People sometimes buy purebred dogs for the sake of performing specific tasks. It’s sometimes too great of a risk for these trainers to use rescue dogs when the job at hand is some serious work like service for a handicapped person, herding, search and rescue or protection.
These dogs are sometimes selected carefully from breeders of working-line dogs. A true working dog is very different from an average companion dog. Not better. Just different.
I’m not saying a shelter dog can’t make a good working dog – he can. And I’m not saying every dog bred for work will actually be able to perform well – he won’t.
What about breed-specific rescues?
Breed-specific rescues are wonderful organizations. There is probably a rescue out there for every dog breed. This is the first place I’d look if I wanted a specific breed (I don’t).
However, if I wanted a rare breed such as a greater Swiss mountain dog, I may be put on a waiting list for several months or years before a dog comes up that needs a home. Most people aren’t going to wait around that long for an imaginary dog that may or may not be a good fit. And if they want a specific breed, the other option is to find a breeder.
Don’t get me wrong, adopting an animal is one of the greatest things a dog lover can do. It’s just not for everyone, and I’m OK with that.
Most people decide to have their own children rather than adopt or foster a homeless child. I don’t hear anyone complaining about that.
It’s socially acceptable right now to criticize each other about how we obtain our animals. I think that is too bad.
And so I’m asking you:
What do you think about this obsession with animal rescue?
Have you ever bought a companion dog or working dog from a breeder?
Pictured below is my mutt Ace and my mom’s dog, Elsie – shortly after swimming in the lake! Woo!
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Sunday 7th of August 2022
Purebred dogs have been an interest of mine since I was a kid. I subscribed to Dog World Magazine when I was ten. There is a lot known about dogs because of people over the years loving and taking an interest in their welfare and breeding.I don't apologize for going to a knowledgable breeder for my dogs, and I hope I am worthy of the care they take to raise a fine example of their chosen breed. I also love mutts, and wish they could all find wonderful homes. The critics of other people's choices in this matter, them I am not so fond of.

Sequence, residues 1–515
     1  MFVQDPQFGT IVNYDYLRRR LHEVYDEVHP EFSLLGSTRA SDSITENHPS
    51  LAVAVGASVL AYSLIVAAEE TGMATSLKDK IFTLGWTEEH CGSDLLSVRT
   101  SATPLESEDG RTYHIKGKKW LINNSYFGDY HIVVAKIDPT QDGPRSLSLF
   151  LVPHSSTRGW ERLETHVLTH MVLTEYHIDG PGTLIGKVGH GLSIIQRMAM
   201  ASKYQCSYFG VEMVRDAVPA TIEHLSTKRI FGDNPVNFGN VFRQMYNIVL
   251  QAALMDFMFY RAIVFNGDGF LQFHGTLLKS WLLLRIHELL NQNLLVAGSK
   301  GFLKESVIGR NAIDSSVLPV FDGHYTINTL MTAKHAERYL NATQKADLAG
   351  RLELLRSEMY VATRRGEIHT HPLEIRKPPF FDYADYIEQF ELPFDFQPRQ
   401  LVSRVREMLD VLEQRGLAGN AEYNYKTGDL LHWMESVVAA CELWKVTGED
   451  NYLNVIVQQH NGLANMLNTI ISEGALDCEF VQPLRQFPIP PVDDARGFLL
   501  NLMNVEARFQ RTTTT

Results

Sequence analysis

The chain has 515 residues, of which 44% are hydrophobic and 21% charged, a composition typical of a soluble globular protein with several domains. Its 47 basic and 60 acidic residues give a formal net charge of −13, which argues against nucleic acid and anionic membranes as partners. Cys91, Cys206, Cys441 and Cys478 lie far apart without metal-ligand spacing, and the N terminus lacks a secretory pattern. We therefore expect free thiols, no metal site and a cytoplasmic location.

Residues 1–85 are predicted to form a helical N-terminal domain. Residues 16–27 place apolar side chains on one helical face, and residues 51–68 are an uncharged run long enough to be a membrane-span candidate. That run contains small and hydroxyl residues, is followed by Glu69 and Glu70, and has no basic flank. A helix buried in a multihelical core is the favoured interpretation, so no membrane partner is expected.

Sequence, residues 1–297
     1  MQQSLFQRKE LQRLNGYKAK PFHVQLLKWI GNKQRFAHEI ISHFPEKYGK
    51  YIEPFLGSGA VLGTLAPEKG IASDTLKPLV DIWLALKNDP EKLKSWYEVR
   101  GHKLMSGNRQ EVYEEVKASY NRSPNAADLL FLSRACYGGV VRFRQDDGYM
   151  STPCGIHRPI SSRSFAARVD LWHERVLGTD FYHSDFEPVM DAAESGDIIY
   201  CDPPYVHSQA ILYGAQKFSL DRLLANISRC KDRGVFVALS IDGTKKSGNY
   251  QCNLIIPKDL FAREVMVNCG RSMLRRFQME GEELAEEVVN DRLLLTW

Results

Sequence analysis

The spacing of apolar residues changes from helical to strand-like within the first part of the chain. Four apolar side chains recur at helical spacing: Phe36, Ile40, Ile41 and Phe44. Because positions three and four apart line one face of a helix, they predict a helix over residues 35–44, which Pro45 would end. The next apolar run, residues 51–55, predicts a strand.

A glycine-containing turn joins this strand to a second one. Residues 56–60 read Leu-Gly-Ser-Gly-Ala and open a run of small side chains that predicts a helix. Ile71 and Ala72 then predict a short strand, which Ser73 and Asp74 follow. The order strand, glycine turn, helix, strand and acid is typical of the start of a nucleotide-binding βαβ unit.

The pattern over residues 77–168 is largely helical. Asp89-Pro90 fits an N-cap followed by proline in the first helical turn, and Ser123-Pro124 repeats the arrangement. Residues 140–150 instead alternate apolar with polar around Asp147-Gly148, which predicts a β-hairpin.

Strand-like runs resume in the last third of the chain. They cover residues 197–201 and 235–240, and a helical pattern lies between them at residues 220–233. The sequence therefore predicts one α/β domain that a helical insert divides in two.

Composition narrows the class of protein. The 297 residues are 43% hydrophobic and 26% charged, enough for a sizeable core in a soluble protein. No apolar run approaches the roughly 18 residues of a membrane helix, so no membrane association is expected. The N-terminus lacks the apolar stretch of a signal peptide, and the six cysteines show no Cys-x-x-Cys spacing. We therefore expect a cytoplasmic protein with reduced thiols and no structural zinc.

Advantages of Getting A Pet From A Breeder | Make The Reality
Thursday 4th of February 2016
[…] Reasons to buy a dog vs. rescue a dog […]
Thursday 25th of June 2015
Something is terribly wrong in our society when the term "Rescue" seems to be now trademarked to mean that you are saving a dog's life only if it came from a group with the word "Rescue" in it and has an affiliation with some type of national organization.
I read an article online (wish I could find it again) that was written by someone who had worked for several years with rescue groups and wanted to enlighten the public. I wasn't enlightened because I had already seen first hand what she was relating.
For many (but certainly not all), the rescue groups have specific people who visit shelters at least once a week (usually on a Monday or Tuesday) to pick up any new strays that are easily adoptable. She said they look for small dogs and family dogs and leave behind the less adoptable breeds. And, yes, I know this happens because a friend of mine who worked with one of our local groups told me up front that they go on Tuesday mornings to our local shelter and do this very thing. So what is wrong with that? Well, the group gets free or deeply discounted vet services. They pick up the dog from the shelter for about $10 (not kidding) and then turn around and slap a $300 adoption fee for the dog. Sometimes, the dogs were altered previously. Still, what is the problem with that? They are only taking the easiest dogs to adopt out leaving behind the breeds that are harder to place keeping them at risk in the shelter.
In other areas, the rescues get alerted by control officers of any new arrivals before the general public gets a chance to see these dogs (I'm not talking about the holding period to see if the dogs' owners show up - although I know of one particular case where the holding period was not over, but a rescue group was allowed to come in and get the dogs).